Happy April Fools' Day!
The entertainment, promotion and advertising of today owes a great deal to the great mind of master showman Phineas Taylor Barnum aka P.T. Barnum of circus fame.
When I teach college courses in public relations and mass media, Barnum's name is included in textbooks for his contributions to the field, debated by experts as both good and bad for his use of "puffery" and exaggerated claims.
A number of the textbooks I use include the example of one of his most profitable sideshow attractions, a display of what he claimed was "the only mermaid ever captured and preserved," a treasured find from among his expeditions, including explorations of the Caspian Sea.
While the towering canvas posters outside the exhibit depicted the beautiful sirens of the sea, as portrayed in fairy tales and storybooks, complete with ample bosoms, long-flowing hair and a come-hither pose, what was showcased inside for the viewing public (after they'd paid their hard-earned money) was something entirely the opposite.
And today, it remains one of the most famous, documented hoaxes to snare the minds and imaginations (and money!) of the general public.
What audiences actually filed past to see inside was a small, mummified creature in a glass case. While Barnum had paid a naturalist to document and attest to validity of the curiosity, the creation was actually the head, shoulders and upper torso of a shaved ape, sewn to the lower extremities of a carp with the animal's scalp featuring long human hair that had been affixed.
Since this exhibit made the rounds back in 1843, paying audiences were less educated and not as well-traveled, so it was easy to fool the masses during a time when laws didn't protect others from questionable business tactics.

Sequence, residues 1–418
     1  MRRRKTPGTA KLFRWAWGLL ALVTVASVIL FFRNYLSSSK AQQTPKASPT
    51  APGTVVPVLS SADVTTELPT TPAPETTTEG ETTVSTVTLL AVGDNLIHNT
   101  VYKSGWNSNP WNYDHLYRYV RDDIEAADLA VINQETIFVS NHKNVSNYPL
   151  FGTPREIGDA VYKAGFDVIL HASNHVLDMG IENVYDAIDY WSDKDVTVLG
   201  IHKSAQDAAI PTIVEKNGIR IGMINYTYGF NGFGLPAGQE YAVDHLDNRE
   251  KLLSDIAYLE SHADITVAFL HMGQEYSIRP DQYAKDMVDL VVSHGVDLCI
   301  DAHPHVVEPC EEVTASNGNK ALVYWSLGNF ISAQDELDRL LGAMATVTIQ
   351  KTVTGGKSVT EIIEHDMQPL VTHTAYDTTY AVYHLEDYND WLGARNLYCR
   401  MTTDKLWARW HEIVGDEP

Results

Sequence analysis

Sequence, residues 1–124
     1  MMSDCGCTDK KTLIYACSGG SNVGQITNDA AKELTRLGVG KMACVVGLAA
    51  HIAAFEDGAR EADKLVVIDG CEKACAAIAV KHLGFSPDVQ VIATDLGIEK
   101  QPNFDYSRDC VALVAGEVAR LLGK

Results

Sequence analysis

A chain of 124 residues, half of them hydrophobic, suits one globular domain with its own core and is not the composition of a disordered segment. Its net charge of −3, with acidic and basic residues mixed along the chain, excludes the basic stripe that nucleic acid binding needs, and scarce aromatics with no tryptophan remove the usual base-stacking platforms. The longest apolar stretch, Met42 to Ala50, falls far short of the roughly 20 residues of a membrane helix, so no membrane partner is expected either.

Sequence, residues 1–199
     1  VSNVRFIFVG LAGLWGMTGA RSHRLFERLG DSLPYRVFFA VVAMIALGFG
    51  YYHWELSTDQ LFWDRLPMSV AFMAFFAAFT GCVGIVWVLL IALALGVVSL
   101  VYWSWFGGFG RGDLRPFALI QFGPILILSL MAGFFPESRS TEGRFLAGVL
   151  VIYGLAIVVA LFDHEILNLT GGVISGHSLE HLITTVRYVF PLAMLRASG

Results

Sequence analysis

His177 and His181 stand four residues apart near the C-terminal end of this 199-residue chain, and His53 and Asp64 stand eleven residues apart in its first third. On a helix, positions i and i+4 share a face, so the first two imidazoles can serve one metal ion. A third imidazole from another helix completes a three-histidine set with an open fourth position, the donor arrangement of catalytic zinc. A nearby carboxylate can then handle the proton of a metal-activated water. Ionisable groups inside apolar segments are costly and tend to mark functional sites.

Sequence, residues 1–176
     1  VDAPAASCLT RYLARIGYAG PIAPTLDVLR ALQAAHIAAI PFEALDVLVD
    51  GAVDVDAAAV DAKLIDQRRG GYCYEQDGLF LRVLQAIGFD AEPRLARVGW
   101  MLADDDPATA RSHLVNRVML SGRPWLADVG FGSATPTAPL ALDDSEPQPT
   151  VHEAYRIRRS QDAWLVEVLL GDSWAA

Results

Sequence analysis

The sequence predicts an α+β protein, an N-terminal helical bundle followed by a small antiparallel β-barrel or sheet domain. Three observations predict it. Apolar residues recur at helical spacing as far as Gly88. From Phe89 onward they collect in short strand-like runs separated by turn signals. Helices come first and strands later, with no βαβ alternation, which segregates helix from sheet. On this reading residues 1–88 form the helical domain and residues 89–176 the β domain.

In his autobiography, Barnum later described the mermaid as "an ugly, dried-up, black-looking, and diminutive specimen... its arms thrown up, giving it the appearance of having died in great agony."
Dubbed "The Feejee Mermaid" or at times, "The Fiji Mermaid," since it was said to be captured near the Fiji Islands, the "mermaid" was actually purchased by Barnum from another showman, based near Boston, named Moses Kimball. Said to have been created around 1810 by a fisherman in Japan, it was bought by Dutch merchants who in 1822 then sold it to an American sea captain, named Samuel Barrett Eades for an astounding $6,000. Upon the captain's death, his son then sold it to Kimball for his collections.
Proving hoaxes have lived a long life, it toured with Barnum for 25 years, including a trip to London, before it came back to the U.S. in 1859 for a museum display, where it was believed to have been destroyed in a fire in 1865. However, today, Harvard's Peabody Museum of Archaeology and Ethnology in Cambridge, Mass. reports the original Barnum mermaid is on display with their collection, explaining that any reported difference in appearance is a result from damage sustained from the heat during the museum fire.